After ten years I estimated I saved $9,000, and even if I had been in an accident and paid an excess I would still have saved $5,000.

Travel Insurance

If you have travel insurance you will probably find it covers car rental excess.

Here is what my year round travel policy says:

RENTAL VEHICLE INSURANCE EXCESS. The cover under this section begins when you leave your home in Australia to start your trip and ends when you return to your home in Australia or when the period of insurance ends, whichever happens first.

We will cover you for the rental vehicle insurance excess, or the cost of repairing the rental vehicle, whichever is lower, if

(a) you rent a rental vehicle from a rental company; and

(b it is damaged by accident, storm, fire or theft; and

(c) you are a nominated driver on the rental vehicle agreement.

This is a premium credit card insurance which covers me for car hire both around Australia and for overseas travel. . . . . Check you insurance policy or credit card policy for details of your cover.

Few Bargains at Duty Free

Now with many countries having Goods and Services Tax (GST)
or the similar Value Added Tax (VAT) the tax saving advantage of Duty Free on most goods is only 10-15%.

When you buy at airport shops you may be avoiding duty (including sales taxes) but the rents at these stores are astronomic.

The owners reflect the higher rent, and empoying people 24hours by increasing prices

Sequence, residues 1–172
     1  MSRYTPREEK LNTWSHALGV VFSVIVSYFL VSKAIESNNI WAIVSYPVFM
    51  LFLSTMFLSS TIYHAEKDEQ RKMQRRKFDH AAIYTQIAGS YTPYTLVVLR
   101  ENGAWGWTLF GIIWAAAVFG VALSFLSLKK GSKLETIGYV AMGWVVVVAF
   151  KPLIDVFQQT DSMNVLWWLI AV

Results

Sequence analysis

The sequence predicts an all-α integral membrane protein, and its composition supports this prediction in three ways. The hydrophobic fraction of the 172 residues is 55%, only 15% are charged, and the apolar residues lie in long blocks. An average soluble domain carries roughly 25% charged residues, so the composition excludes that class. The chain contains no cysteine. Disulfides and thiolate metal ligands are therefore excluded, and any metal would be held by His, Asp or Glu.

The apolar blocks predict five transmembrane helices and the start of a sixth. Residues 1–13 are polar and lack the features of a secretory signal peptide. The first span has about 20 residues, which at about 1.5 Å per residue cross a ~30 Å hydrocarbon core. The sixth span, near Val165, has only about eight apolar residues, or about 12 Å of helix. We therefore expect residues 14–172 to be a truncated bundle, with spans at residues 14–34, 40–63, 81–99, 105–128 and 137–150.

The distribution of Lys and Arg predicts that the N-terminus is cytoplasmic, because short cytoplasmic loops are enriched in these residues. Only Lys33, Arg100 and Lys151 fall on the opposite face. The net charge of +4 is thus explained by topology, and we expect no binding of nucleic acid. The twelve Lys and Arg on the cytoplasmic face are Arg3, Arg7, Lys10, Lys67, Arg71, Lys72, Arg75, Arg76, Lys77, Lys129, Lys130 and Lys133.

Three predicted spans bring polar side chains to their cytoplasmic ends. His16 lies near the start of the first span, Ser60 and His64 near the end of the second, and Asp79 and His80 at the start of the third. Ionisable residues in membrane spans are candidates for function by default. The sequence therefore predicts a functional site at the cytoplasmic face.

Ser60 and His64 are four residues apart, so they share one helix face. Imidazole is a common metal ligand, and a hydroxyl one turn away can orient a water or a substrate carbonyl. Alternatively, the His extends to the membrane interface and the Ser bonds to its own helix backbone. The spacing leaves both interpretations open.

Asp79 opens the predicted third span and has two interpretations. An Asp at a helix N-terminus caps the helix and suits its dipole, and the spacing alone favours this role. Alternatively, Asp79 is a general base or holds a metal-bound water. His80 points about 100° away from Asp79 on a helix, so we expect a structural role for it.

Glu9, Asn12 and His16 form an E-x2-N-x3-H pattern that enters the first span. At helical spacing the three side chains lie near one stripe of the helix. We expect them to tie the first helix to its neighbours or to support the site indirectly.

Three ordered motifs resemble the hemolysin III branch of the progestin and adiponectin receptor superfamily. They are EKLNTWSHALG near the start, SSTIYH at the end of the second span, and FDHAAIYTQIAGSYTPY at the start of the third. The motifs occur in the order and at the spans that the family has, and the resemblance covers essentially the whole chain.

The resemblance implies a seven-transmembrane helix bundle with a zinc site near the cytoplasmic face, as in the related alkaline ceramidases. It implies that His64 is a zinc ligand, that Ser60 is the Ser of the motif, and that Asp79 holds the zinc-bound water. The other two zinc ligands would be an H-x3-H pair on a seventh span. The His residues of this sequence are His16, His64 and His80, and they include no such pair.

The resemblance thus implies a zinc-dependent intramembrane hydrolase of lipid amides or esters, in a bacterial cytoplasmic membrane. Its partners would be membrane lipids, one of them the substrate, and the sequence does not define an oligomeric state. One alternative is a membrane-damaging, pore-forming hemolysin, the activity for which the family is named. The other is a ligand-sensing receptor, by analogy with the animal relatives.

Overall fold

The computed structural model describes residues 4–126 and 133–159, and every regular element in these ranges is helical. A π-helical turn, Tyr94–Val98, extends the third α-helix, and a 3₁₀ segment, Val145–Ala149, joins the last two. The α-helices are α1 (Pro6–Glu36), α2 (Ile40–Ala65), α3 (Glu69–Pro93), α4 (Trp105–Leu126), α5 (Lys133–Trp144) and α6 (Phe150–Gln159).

What Is Cheaper?

Generally anything that has extra taxes if you buy outside the airport.

I find spirits and Liqueurs are about 1/3rd cheaper , typically you get a 1 litre bottle for the same cost as a 0.75 litre bottle at my local supermarket.

With wine there may be a little saving, but without comparative pricing you won’t know.

For the smokers tobacco products give a similar saving to spirits.

What’s Not Cheaper

I haven’t bought my wife duty free perfume for 15 years after I found I could have saved about 40% by buying it at the local discount chemist.

I would expect the same would apply to after shave and most cosmetics.

Chocolates and small gifts will be more expensive.

Electrical goods can often be bought at a local discount store at similar prices and if you have any problems warranty claims are much easier to manage.

Before you buy overseas remember that appliances bought in different countries may not be right for your local power.

Tourist Refund Schemes

The last laptop I bought was from an Australian store just before we went overseas. I presented the laptop and the receipt on my way out and got a refund of 15% which I was very happy with.

Other countries may have similar schemes, although not as easy as Australia’s.